For quite some time I’ve been on the anti-side of Valentine’s Day. It felt forced, disingenuous and everything that, in my mind, love is not.
I’ve often equated Valentine’s day with guilt and expectation.
Stereotypically, women are painted as the ever-demanding recipient of all kinds of Valentine treats including dinner, flowers and candy. And men are motivated out of guilt and the desire to avoid a fight.
The idea that this one day makes a relationship I have found objectionable.
But Saturday, my resolve may have wavered a bit.
I saw a young boy at the grocery clutching a bouquet of tulips and he was intently going thorough cards to find just the right one.
His Dad came around to hurry him along and it became clear that he was buying for his mom. There wasn’t any guilt, expectation or apparent coercion in this process.
He wanted to get it right because it was important to him.
Purity of action.
He was clear that it had to be the perfect card and tulips for his mom.
Let’s be clear, I still think all that other stuff is nonsense and the antithesis of love but I am open to this kind of expression.
Showing love, caring on purpose, feels good to everyone: giver and receiver.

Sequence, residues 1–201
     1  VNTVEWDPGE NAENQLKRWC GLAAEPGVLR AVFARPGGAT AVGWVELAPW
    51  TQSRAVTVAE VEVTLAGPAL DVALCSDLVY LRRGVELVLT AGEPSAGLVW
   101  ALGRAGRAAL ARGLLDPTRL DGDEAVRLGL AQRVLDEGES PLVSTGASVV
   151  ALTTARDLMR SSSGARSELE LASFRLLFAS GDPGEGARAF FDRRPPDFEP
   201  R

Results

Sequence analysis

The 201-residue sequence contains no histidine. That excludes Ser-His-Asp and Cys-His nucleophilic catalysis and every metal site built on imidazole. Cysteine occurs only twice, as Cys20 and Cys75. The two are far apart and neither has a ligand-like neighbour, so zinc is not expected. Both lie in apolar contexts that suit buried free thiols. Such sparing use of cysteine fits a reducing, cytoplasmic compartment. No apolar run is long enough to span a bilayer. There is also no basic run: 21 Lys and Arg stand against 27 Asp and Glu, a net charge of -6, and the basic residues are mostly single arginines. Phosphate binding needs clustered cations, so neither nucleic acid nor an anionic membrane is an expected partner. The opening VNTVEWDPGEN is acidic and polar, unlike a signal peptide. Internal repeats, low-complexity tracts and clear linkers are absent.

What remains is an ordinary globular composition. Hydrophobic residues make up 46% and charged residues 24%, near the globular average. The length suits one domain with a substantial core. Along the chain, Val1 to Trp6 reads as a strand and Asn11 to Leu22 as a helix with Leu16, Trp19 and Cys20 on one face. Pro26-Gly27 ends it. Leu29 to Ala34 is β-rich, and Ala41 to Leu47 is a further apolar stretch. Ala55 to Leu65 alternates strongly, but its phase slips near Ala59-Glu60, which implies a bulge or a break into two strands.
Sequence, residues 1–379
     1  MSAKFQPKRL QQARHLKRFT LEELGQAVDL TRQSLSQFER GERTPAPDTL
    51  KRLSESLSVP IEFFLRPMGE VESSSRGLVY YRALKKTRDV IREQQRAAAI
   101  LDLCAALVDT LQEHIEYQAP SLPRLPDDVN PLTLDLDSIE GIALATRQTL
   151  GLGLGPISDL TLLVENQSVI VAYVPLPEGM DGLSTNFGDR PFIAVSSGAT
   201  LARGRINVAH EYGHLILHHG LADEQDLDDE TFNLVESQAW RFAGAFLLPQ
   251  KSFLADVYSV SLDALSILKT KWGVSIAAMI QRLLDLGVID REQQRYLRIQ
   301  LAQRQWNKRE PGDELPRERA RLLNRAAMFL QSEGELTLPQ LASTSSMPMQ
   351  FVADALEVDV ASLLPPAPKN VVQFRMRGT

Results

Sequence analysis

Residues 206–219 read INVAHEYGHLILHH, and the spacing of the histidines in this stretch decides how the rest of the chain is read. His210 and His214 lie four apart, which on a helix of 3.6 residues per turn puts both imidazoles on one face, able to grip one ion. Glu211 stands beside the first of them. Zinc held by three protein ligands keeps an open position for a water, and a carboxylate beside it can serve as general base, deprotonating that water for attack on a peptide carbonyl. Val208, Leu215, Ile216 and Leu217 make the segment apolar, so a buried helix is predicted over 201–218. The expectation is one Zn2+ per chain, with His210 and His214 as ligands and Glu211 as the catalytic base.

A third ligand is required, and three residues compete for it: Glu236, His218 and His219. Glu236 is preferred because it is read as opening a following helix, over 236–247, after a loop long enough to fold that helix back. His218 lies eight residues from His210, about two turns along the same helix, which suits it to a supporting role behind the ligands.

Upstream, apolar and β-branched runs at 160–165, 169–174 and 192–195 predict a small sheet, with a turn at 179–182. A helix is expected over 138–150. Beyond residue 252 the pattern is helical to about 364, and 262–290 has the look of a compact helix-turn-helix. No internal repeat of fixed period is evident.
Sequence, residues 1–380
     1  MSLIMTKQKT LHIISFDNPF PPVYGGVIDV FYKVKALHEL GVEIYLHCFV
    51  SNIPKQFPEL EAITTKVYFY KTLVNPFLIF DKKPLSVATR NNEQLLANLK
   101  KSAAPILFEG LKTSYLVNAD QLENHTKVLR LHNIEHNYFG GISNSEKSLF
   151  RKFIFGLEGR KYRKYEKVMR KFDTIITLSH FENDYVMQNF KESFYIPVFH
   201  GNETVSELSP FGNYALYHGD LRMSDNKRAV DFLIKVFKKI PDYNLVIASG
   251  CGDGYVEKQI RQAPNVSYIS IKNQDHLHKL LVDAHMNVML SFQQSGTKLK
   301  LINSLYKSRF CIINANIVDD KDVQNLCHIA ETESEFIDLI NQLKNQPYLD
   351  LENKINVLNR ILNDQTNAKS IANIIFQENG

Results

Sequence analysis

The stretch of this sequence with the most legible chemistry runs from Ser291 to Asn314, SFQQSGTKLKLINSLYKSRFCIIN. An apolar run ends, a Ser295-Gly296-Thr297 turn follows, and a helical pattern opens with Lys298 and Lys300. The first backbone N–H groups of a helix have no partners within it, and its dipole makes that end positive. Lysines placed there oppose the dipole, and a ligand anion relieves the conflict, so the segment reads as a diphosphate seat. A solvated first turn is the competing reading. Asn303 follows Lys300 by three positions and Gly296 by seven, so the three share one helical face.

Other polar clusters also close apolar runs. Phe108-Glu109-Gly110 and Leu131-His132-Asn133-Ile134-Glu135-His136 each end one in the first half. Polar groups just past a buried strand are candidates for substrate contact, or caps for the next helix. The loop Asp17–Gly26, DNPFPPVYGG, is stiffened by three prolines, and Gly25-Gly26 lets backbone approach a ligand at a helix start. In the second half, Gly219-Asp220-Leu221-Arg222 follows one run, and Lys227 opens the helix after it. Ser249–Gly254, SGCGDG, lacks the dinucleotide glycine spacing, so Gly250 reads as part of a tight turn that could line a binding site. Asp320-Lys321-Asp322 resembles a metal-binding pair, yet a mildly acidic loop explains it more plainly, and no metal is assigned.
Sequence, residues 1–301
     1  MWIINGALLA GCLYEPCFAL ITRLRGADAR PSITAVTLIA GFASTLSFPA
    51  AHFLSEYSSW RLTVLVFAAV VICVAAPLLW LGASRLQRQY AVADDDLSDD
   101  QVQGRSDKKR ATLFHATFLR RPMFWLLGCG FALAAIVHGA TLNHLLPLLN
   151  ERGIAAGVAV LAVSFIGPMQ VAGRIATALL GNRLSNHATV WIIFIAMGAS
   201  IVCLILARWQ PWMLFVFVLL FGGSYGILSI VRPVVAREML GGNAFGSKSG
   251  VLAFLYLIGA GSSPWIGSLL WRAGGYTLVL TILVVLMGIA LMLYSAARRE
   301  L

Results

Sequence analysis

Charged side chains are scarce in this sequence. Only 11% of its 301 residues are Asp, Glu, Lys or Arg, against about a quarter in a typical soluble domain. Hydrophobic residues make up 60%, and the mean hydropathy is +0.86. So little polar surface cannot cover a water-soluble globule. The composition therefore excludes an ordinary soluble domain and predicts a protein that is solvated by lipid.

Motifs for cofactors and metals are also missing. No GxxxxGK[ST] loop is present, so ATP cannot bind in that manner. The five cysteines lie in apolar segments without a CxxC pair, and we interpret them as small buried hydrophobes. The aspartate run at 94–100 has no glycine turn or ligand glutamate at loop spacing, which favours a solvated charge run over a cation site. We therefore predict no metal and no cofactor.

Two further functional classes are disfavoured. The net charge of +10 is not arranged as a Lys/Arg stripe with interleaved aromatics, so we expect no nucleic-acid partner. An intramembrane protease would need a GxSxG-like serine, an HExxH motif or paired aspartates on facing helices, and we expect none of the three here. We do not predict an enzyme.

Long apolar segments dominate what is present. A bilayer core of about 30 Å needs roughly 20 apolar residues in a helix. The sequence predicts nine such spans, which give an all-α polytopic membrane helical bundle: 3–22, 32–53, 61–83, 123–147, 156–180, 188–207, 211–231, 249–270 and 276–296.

I even broke down and made my husband cinnamon rolls and a card. Because he knows my feelings about this holiday all to well, he laughed.
I must be mellowing because I even mailed Valentine cards out this year. I did so, less because it’s Valentines per se, and more because many in my family could use a little extra love. And despite all our evolution and technological advances, I believe there is still something uplifting about getting the mail and finding a note just for you.
It’s like a little envelope of joy.
As we continue through February I’m looking for ways to intentionally show kindness, intentionally express love.
And it really helps my heart, too.
Sunshine & Sarcasm,
Lowi & G